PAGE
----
As you continue along the street you get to the square. The houses surrounding it were also reconstructed after the war. They house a lot of little shops, museums, cafes and restaurants. This square has been pictured in many movies taking place in Warsaw. In wintertime, before Christmas there is a holiday market held here.

In the old days the town was surrounded by the fortifications known as Barbakan. What you can see now is all modern construction, however, it was constructed on the original foundations.

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One of the amazing things to do around the Old Town is walk on the little streets, stop in for a coffee, go into a church, visit many little shops or just explore. It is fun, you get to see many beautiful houses, decorations and some streets offer views of the river.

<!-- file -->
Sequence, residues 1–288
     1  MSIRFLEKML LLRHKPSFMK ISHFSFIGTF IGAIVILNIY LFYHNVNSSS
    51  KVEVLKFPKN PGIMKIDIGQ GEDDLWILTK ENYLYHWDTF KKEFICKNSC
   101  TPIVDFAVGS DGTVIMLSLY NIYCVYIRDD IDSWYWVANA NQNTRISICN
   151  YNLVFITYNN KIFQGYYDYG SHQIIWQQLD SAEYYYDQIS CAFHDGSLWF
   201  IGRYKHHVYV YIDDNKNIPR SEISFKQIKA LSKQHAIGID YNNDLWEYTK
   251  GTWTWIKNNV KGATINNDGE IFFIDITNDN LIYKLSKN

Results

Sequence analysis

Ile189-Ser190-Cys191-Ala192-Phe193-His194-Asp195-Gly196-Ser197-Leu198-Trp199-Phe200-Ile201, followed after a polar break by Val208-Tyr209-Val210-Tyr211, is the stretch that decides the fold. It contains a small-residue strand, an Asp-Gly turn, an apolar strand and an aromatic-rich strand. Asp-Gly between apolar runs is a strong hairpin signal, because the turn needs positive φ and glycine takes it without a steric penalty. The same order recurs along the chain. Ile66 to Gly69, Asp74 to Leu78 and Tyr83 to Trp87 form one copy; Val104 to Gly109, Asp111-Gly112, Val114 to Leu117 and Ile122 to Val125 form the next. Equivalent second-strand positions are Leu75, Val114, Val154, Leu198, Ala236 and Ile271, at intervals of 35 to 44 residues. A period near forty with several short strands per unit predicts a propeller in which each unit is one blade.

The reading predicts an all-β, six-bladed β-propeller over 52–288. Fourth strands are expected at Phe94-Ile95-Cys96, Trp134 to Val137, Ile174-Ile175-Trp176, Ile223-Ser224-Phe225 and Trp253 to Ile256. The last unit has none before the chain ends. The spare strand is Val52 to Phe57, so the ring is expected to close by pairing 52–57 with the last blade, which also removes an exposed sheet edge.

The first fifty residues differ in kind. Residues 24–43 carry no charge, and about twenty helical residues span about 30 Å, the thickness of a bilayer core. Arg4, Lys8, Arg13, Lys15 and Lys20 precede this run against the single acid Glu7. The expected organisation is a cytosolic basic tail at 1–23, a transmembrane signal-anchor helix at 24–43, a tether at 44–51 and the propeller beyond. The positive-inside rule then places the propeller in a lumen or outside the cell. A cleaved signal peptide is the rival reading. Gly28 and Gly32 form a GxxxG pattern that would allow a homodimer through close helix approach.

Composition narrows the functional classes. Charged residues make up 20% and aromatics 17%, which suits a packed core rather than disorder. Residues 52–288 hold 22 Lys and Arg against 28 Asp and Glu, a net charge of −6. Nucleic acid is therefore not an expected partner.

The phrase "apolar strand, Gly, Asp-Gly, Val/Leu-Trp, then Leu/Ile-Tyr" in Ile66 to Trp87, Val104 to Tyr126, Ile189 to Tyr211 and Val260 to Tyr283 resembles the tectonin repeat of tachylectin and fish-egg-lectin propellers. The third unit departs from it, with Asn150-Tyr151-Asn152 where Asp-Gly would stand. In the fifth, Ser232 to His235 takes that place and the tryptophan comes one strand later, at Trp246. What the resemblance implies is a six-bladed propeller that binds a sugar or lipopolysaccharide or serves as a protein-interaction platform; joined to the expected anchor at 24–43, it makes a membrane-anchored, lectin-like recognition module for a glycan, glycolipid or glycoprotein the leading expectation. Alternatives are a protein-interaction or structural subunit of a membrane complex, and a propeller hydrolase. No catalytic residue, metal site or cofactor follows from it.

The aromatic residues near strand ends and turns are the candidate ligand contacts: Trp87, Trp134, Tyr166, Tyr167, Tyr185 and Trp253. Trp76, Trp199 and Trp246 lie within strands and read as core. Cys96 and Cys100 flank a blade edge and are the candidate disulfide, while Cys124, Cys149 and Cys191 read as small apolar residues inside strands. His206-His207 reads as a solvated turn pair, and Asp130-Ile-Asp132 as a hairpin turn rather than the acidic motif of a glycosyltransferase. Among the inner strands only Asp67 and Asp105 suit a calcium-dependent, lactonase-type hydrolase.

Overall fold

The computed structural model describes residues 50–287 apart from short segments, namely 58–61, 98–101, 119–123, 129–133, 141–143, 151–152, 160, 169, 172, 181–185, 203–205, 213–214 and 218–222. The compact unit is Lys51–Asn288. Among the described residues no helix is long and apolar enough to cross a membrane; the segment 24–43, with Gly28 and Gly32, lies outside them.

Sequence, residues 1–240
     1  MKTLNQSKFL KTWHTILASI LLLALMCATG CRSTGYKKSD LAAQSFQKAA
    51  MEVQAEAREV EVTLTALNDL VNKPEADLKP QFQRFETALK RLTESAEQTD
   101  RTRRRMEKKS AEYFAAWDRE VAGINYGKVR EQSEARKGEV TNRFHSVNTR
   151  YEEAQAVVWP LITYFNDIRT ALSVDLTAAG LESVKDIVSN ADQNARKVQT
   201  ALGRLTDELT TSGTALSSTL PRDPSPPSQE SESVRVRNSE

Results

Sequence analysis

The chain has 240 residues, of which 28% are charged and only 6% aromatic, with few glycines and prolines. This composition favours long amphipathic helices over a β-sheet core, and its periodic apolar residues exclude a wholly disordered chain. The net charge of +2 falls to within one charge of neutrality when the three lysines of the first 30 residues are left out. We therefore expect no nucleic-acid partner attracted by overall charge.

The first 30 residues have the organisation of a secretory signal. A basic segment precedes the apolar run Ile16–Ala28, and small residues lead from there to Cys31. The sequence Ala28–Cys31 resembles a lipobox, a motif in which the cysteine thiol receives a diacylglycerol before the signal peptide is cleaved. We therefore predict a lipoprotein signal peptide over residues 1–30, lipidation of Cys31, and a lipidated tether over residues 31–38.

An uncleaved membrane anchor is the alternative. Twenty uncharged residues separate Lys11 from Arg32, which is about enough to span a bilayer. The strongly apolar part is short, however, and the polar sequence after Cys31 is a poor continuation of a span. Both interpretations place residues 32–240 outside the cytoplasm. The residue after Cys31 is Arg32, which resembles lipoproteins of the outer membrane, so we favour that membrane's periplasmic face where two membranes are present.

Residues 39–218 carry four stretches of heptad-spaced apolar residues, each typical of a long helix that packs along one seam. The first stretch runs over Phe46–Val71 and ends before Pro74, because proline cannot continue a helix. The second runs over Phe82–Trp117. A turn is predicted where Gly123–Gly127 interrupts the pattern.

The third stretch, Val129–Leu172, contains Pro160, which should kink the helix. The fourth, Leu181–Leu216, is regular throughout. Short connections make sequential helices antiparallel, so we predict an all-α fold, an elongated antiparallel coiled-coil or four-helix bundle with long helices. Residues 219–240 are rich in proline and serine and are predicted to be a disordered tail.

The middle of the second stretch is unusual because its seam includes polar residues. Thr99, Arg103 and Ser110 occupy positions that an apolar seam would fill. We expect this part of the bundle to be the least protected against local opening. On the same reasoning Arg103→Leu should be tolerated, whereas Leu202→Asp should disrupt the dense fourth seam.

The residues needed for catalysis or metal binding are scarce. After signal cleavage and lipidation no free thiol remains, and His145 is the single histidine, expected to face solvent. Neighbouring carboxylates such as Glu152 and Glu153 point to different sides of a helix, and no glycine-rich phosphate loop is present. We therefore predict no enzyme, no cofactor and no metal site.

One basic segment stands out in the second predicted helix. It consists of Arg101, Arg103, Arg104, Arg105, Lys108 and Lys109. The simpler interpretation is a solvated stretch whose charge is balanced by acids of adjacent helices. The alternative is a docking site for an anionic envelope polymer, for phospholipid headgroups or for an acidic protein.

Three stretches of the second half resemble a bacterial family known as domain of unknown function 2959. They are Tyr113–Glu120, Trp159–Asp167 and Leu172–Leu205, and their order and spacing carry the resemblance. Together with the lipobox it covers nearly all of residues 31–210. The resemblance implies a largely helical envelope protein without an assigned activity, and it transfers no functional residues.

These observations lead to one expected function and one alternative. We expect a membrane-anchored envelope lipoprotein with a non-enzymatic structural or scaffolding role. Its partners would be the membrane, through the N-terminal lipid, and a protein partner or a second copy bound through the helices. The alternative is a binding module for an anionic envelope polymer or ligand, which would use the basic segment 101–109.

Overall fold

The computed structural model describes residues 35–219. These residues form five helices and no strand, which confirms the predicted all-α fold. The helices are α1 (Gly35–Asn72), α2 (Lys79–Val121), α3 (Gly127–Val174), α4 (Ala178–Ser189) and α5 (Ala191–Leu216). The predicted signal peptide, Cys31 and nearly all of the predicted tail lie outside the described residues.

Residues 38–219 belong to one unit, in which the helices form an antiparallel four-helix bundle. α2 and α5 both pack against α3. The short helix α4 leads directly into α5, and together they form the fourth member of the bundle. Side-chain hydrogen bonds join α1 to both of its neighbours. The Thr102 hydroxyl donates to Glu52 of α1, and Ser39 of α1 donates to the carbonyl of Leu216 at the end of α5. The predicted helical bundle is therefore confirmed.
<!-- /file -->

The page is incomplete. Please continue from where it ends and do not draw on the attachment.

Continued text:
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Come and enjoy your time in the Old Town. After starting here, you can explore the other royal residences in Warsaw.


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Cherry Blossom Festival – Washington DC

Cherry Blossom Festival last week was spectacular. The cold snap a week before did not seem to stop the flowers. The weather this spring though is very variable. Saturday was sunny but Sunday turned out to be overcast. While many photographers do not like bright sunlight for taking the pictures, in case of the cherry blossoms it is nice to have just a little sunlight. The contrast you can get between beautifully blue sky and white or lightly pink flowers does not have to be super sharp. Hiding under the trees when taking photos makes them lit up very gently, just like those pictures taken in 2009.